Google G1 phone designers develop concept car

The designers of Autonomobile (ATNMBL): “Speed has been the driving factor for car design, styling, and engineering for a century. Most vehicles on the road today are capable of reaching 120 mph yet they are mostly used at moderate speeds and sitting in traffic. It’s time to look at performance in a new way. Our vision is a new focus on quality of time while in traffic and transit. Dismissing the need for extreme MPH and acceleration as irrelevant, performance can be measured by time savings instead.

Driverless cars, once a fantasy requiring new roads and infrastructure, are now technologically possible, even inevitable. GPS, sophisticated sensors, and navigation databases will allow driverless vehicles to operate on the same roads we have today.

The shift from a driving infrastructure to a riding infrastructure has deep implications for society, yet it is currently being defined almost exclusively by engineers and the military. Positive design visions are desperately needed if this technology (and other robotic technology) is to have a positive impact on society.

ATNMBL is our vision of a concept car for 2040 that represents the end of driving. Upon entering ATNMBL, passengers are presented with the question: “Where can I take you?”. There is no steering wheel, brake pedal or drivers seat. ATNMBL drives by itself.

About the size of that parking space you couldn’t fit into, electric powered with wrap-around seating for seven, ATNMBL offers living comfort, views, conversations, entertainment, and social connectedness. The vehicle is designed from the inside out with elements influenced by architecture and domestic interior spaces.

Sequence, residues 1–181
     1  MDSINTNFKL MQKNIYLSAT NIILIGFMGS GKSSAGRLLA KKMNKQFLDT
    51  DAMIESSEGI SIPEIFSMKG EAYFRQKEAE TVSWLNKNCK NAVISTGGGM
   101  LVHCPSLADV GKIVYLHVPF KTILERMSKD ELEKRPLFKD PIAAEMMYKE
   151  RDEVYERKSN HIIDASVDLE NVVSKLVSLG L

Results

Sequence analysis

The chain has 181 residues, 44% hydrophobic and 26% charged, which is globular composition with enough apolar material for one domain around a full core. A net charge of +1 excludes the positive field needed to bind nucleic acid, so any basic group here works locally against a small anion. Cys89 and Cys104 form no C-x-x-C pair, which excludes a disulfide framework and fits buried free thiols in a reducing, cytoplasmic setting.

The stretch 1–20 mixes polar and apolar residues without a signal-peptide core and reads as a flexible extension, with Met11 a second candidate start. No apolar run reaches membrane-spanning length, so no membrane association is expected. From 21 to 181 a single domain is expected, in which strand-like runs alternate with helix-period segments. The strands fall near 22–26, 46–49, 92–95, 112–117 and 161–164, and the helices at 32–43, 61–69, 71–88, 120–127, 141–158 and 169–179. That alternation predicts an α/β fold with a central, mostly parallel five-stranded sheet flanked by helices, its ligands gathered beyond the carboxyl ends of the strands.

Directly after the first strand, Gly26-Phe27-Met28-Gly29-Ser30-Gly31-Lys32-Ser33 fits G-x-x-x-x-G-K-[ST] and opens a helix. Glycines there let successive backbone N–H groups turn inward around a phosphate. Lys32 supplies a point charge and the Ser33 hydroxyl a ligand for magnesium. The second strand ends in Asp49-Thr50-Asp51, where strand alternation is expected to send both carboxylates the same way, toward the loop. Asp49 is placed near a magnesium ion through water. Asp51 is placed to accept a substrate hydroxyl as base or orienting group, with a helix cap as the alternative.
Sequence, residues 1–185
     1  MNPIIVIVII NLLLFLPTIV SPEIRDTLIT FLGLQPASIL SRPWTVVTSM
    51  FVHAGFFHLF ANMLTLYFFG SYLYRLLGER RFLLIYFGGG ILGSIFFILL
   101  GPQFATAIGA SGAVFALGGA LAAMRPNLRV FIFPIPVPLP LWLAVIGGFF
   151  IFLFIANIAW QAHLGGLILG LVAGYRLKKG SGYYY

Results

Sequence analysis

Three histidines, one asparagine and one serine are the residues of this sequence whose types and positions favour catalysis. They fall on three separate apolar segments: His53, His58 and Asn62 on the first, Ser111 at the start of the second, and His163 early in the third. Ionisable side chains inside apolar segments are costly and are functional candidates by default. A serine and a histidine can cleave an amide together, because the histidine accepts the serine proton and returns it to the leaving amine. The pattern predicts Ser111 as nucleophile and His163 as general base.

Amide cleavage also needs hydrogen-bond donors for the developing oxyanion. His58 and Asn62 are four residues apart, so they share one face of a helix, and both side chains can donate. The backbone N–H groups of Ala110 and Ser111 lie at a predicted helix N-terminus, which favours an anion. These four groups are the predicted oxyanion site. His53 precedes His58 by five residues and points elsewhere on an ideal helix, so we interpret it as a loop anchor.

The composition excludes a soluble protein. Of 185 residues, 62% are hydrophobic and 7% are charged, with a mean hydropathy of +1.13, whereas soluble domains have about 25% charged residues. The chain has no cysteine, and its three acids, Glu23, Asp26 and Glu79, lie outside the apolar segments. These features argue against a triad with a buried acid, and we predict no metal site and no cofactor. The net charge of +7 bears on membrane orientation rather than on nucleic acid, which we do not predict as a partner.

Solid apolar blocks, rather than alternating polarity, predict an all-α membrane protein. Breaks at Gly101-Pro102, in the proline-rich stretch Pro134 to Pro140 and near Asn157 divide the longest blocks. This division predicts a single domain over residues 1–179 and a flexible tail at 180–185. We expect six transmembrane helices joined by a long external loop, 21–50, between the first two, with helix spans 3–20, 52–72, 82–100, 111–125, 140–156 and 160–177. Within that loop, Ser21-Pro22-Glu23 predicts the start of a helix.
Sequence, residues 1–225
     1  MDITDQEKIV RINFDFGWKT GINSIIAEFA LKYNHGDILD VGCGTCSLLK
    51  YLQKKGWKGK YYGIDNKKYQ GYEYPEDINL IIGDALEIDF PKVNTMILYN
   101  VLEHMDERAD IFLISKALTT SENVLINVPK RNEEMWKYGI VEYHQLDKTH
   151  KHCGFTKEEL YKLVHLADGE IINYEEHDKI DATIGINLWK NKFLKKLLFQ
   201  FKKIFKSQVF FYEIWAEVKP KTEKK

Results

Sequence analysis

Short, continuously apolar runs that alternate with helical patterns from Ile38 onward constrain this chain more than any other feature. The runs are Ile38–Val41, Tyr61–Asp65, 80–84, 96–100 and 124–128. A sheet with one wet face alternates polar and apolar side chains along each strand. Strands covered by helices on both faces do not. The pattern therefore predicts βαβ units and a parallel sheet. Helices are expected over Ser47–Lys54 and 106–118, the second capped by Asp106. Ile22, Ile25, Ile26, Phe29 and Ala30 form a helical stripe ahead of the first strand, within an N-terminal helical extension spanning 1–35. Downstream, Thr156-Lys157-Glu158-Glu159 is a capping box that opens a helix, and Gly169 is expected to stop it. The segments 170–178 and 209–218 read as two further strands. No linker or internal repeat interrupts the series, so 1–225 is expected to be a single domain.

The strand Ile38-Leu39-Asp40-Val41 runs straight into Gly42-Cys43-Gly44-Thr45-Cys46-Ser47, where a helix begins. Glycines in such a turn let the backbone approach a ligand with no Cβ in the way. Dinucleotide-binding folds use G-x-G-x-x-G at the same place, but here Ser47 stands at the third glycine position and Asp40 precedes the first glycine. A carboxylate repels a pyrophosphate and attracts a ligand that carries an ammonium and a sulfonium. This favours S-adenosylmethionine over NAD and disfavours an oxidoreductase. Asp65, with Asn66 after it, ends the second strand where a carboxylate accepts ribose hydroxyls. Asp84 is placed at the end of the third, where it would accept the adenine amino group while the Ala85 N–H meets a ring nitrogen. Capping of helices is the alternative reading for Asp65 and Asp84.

From the outside, ATNMBL looks like micro-architecture. Large windows, a pitched roof and asymmetrical from every view, it is designed without any reference to automobiles of the past. In contrast to today’s automobiles, where much of the car’s space is reserved for engine and drive train, ATNMBL’s mechanical components are densely packed and simplified, providing dramatically more interior space in a vehicle that is shorter than most cars on the road today.

Electric motors in each wheel provide all-wheel drive. Electric power is stored underneath the seating and floor with additional power provided by solar panels on the roof. Within a gridded pattern on the front and rear is an array of headlights, tail lights and sensors.

Passengers enter ATNMBL from the curb side through an electric glass sliding door into a standing-height entryway. Inside, the seating arrangement is a direct reference to the familiar living-room setting of a couch, side chair and low table. Riders are oriented towards each other and to the view outside through the large floor-to-ceiling windows on both sides. Centrally oriented is a large flat display that features live trip information, maps, and entertainment.

The display can slide up to reveal a bar behind. A new and comprehensive sense of control is introduced through voice recognition and a touch screen remote control (or one’s personal phone), offering riders a wide range of trip planning, ride sharing and performance settings that can be very detailed for those who want elaborate control or extremely simple for those who would rather just relax and enjoy the ride.”

Read more here.

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